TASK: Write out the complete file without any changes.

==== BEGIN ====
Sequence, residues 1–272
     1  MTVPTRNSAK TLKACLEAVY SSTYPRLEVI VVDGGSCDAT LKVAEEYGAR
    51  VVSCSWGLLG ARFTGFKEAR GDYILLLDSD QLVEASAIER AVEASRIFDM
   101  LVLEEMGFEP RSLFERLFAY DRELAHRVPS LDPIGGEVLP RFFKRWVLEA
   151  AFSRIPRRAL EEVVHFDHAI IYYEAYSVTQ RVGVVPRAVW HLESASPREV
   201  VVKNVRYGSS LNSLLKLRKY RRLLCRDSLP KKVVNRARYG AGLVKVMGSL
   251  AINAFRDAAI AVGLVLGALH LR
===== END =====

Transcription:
Sequence, residues 1–272
     1  MTVPTRNSAK TLKACLEAVY SSTYPRLEVI VVDGGSCDAT LKVAEEYGAR
    51  VVSCSWGLLG ARFTGFKEAR GDYILLLDSD QLVEASAIER AVEASRIFDM
   101  LVLEEMGFEP RSLFERLFAY DRELAHRVPS LDPIGGEVLP RFFKRWVLEA
   151  AFSRIPRRAL EEVVHFDHAI IYYEAYSVTQ RVGVVPRAVW HLESASPREV
   201  VVKNVRYGSS LNSLLKLRKY RRLLCRDSLP KKVVNRARYG AGLVKVMGSL
   251  AINAFRDAAI AVGLVLGALH LR